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A little more than two years ago, on June 23, 2010, we wrote about a stealthy plan by San Diego mayor Jerry Sanders to locate a power plant on land the city owns just east of I-805 near University Towne Center.

We noted then, "as is typical with the closed-mouth Sanders and his business backers — who like to work behind closed doors until they can engineer as close to a fait accompli as possible — the revelation comes not via news conference or neighborhood meeting.

"Instead it is to be found in a 'request for proposal' quietly issued by the City on May 21 that 'hereby invites power generation companies to submit proposals to develop and operate a natural gas–fired power plant' at an 80-acre site on Nobel Drive south of the water treatment plant.

"Under the mayor’s plan, the City would award a 50-year lease to build and operate a plant with 'no less than 200 megawatts' of 'electrical generating capacity.'"

Despite considerable community doubt about the vaguely described proposal, the project quietly made its way through city hall with little public attention.

Then, two months ago we reported on a March 18 advice letter from the state's Fair Political Practices Commission to Capital Power Corporation of Edmonton, Canada, which has a subsidiary in this country called U.S. Capital Holdings.

"US Holdings seeks to build a power generation plant in the City of San Diego," said the letter from FPPC general counsel Zackery P. Morazzini. "This new plant must first be approved by city voters through a ballot measure expected to be on the November 2012 ballot."

It's against the law for foreign corporations to directly fund campaigns in California, but Morazzini came up with a hand-tailored loophole for the Canadian firm:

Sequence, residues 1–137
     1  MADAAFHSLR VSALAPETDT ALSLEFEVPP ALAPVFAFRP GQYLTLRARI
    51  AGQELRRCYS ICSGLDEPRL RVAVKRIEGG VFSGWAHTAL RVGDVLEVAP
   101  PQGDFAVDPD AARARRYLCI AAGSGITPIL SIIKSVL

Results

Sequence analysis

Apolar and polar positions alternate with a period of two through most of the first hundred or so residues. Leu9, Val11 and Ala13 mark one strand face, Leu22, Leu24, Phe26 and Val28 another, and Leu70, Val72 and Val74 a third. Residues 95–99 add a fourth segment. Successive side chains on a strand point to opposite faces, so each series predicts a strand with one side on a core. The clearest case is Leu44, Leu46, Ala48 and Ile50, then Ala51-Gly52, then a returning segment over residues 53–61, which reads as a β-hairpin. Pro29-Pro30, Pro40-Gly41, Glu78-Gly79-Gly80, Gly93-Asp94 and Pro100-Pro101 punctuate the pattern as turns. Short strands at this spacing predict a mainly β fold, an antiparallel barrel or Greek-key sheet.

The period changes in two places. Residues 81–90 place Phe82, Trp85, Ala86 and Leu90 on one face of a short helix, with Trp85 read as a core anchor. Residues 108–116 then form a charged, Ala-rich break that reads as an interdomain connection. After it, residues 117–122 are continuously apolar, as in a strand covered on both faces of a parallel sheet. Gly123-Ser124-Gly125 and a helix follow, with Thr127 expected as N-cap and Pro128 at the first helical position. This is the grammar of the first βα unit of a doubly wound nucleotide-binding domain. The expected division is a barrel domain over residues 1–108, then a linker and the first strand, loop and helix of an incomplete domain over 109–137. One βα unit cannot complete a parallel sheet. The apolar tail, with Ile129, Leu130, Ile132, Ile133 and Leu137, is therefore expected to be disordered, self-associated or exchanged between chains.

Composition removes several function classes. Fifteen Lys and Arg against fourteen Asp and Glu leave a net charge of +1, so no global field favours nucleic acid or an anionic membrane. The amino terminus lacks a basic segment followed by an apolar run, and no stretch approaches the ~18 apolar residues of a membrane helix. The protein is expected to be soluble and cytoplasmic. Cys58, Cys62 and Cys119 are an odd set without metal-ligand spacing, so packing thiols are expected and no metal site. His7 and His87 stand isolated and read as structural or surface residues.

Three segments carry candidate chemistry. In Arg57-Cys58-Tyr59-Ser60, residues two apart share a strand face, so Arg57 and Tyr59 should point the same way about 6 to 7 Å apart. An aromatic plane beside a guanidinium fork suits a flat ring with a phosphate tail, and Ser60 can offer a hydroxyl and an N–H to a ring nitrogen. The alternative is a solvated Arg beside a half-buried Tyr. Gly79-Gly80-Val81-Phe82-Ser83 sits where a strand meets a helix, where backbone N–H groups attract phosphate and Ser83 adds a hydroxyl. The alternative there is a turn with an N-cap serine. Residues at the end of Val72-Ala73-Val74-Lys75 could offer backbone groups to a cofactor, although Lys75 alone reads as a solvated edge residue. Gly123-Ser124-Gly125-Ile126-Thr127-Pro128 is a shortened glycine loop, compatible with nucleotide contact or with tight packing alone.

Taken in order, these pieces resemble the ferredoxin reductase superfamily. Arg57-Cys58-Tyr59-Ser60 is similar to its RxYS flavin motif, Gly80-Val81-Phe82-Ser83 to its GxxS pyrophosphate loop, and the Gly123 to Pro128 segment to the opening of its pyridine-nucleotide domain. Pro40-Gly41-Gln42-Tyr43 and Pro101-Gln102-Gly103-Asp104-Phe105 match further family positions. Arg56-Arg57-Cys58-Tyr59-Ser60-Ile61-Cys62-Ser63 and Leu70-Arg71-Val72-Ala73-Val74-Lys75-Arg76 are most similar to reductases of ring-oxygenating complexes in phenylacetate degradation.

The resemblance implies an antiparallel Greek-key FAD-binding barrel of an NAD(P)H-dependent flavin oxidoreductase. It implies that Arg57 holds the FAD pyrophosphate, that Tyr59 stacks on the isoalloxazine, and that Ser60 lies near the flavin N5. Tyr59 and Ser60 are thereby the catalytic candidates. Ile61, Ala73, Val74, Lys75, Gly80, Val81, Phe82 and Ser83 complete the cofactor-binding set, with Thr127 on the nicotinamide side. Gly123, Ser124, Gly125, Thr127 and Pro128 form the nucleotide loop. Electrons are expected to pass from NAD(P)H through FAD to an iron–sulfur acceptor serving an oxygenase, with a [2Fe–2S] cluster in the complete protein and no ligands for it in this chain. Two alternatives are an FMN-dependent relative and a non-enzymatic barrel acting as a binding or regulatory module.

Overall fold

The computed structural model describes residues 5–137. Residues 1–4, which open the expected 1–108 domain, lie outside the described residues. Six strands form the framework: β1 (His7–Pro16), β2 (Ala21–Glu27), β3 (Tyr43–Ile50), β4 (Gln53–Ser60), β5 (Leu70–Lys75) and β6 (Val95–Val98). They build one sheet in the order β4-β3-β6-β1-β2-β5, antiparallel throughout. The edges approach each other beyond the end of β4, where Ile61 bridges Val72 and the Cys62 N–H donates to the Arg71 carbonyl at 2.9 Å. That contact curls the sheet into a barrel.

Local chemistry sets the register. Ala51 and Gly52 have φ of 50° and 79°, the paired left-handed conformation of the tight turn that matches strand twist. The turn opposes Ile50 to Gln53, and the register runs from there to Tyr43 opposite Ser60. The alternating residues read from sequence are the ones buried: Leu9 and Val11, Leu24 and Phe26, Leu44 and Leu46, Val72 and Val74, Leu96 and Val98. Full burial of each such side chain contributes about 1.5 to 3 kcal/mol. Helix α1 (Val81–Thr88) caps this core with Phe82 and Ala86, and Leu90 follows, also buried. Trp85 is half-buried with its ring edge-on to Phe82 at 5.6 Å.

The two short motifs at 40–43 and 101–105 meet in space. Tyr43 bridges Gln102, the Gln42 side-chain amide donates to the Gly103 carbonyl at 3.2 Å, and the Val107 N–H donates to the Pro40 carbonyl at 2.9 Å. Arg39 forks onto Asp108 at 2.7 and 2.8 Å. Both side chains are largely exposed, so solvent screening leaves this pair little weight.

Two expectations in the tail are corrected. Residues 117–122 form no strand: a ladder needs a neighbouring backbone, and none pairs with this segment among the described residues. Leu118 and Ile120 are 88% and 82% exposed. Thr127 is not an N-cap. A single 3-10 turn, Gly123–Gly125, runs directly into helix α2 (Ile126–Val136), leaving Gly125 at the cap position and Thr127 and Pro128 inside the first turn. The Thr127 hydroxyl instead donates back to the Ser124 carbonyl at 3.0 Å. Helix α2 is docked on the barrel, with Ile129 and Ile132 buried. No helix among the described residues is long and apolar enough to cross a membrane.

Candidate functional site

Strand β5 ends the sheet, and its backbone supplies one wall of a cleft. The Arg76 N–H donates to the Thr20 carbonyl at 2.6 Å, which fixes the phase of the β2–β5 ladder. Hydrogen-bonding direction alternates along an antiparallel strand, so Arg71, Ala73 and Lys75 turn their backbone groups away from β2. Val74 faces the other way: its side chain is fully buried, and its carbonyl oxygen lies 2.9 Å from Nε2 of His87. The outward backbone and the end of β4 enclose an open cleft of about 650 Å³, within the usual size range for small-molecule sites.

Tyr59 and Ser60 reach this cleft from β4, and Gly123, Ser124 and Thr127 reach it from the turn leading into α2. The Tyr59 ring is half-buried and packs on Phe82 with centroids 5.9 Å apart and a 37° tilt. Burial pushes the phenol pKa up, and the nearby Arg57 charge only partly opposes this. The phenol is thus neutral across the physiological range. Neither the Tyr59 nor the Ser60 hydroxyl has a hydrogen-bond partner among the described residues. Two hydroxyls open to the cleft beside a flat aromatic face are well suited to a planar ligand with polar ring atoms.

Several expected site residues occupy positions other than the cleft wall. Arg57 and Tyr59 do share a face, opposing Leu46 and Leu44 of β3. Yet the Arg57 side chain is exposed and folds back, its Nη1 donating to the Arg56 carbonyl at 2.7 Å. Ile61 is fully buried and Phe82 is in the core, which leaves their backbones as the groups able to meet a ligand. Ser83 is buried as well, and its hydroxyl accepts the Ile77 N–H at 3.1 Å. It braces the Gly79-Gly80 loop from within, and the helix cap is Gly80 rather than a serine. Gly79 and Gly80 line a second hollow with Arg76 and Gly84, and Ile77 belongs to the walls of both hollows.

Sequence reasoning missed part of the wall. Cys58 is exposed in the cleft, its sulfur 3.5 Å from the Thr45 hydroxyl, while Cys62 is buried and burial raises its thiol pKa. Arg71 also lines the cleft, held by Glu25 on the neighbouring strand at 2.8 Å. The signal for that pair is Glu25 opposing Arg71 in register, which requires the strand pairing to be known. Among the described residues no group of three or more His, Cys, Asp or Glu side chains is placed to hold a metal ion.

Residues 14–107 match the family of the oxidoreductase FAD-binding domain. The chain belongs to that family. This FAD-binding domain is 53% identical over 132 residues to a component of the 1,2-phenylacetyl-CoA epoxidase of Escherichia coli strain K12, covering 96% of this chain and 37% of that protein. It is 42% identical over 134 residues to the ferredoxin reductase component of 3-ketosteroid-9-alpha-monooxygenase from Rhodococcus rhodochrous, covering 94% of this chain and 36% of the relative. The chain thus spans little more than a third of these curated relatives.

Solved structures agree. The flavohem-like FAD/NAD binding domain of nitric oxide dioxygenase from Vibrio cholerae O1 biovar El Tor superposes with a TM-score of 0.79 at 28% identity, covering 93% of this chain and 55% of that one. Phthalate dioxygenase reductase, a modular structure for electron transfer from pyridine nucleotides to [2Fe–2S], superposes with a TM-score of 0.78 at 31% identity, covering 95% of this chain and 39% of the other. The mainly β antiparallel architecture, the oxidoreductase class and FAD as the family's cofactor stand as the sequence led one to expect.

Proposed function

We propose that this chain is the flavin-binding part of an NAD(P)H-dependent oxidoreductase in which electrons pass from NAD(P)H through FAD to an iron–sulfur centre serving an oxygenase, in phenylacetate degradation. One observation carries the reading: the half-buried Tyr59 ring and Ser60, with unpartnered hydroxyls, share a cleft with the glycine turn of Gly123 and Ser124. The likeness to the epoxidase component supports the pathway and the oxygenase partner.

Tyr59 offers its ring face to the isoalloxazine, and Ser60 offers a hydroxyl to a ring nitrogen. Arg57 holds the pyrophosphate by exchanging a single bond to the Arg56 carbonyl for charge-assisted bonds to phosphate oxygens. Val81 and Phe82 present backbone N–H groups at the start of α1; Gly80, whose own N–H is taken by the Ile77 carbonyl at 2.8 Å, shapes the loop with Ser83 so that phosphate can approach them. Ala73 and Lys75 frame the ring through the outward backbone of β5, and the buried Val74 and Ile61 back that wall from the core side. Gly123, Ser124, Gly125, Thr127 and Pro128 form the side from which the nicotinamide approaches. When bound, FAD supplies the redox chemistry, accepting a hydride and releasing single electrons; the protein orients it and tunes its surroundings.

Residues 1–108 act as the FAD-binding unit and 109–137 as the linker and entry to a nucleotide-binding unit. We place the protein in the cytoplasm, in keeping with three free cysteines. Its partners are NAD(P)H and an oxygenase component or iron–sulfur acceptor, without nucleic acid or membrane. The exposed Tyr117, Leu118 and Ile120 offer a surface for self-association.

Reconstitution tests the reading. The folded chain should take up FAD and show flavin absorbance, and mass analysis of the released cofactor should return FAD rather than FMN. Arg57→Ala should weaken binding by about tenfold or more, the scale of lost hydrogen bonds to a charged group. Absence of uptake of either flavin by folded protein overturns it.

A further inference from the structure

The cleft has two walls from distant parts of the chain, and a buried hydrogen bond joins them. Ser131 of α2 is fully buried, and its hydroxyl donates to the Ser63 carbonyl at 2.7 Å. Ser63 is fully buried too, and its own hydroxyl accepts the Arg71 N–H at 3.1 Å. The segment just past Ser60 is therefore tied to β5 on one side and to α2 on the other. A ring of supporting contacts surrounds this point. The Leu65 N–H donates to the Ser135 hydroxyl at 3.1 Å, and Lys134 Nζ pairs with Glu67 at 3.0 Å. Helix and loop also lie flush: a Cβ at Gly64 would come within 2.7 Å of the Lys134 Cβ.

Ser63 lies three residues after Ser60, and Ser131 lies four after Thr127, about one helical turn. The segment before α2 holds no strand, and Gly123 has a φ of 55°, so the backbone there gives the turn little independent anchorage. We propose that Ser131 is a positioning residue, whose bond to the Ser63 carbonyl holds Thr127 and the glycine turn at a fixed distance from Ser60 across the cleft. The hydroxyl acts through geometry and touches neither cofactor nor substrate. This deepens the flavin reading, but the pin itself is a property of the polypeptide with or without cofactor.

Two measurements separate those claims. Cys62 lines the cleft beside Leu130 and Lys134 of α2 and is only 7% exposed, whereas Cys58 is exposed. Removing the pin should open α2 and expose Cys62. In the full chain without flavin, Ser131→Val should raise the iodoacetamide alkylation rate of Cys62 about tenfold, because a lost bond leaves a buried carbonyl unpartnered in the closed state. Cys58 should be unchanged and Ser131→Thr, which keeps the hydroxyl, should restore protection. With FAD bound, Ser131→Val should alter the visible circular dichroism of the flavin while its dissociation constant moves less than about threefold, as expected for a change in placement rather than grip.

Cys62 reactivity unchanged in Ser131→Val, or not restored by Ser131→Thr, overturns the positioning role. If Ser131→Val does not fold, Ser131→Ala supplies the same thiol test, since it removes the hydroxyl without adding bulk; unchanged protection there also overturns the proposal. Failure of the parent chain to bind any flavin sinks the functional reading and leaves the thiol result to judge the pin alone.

"Because decisions to contribute or expend funds will not be made by an officer, director, or management employee of a foreign corporation who is neither a citizen of the United States nor a lawfully admitted permanent resident of the United States, neither US Investments nor US Operations qualifies as a 'foreign principal' under Section 85320(c)(4)."

Last month, as we reported, California Strategies, the big Sacramento-based influence peddling outfit founded by onetime San Diego mayoral aide Bob White entered the fray on Capital Power's behalf, dispatching staffer Craig Benedetto and a colleague--both contributors to the campaigns of various San Diego city council members--to lobby the project through city hall.

"Capital Power Corporation of Edmonton, Canada, paid the firm $7000 for Benedetto and fellow influence peddler Ben Haddad to push a 'long term lease enabling development of a power plant.'

"For that project, the pair lobbied mayoral staffers Jay Goldstone and David Graham and also contacted deputy city attorneys Brock Ladewig and Tom Zeleny; Russ Gibbon from the Economic Development division; Aimee Faucett of Community and Legislative Services; and Jim Barwick of Real Estate Assets."

The project was finally scheduled for a public hearing before the city council's Rules committee today, but, in the face of fierce opposition from the University Community Planning Group and others, the proposal was dropped from the agenda.